Transition Mechanisms

IPv6 design considerations included providing mechanisms to allow a smooth transition to the new version of the IP protocol, without the need for an abrupt change. With this idea in mind, several of these mechanisms were created in order to facilitate the coexistence of both versions.

During the early stages of IPv6 deployment it was believed that adoption of the new protocol would be quick enough and that IPv6 would have gained widespread adoption before IPv4 ran out. This, however, did not happen which is why transition mechanisms are an even more relevant topic today.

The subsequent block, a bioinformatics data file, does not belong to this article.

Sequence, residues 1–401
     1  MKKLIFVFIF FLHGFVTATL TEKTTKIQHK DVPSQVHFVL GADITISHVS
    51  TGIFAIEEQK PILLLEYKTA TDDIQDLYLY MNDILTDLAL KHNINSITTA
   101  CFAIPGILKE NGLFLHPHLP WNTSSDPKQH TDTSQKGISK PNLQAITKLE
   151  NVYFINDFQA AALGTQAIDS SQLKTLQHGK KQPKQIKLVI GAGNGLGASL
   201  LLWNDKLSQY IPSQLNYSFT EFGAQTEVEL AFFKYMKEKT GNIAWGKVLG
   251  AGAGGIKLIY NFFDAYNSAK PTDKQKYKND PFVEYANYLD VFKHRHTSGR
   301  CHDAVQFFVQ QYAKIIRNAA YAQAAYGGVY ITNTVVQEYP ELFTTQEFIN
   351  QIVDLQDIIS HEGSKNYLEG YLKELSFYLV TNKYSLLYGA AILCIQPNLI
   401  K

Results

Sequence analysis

Transition mechanisms can be classified according to the different techniques they apply:

It is also possible to classify the different mechanisms based on whether they assume that the underlying infrastructure is predominantly IPv4 or IPv6. Although in the beginning there were IPv4 networks that started gradually adding IPv6 access, as IPv4 ran out, providers started considering the deployment of IPv6-only networks. This means that transition mechanisms are needed to allow customers in these IPv6-only networks to access networks that still only support IPv4. Many mechanisms have been proposed and more are currently being discussed in the IETF. The following is a description of the most widely deployed and more mature mechanisms.

References:

Slides:

RFCs: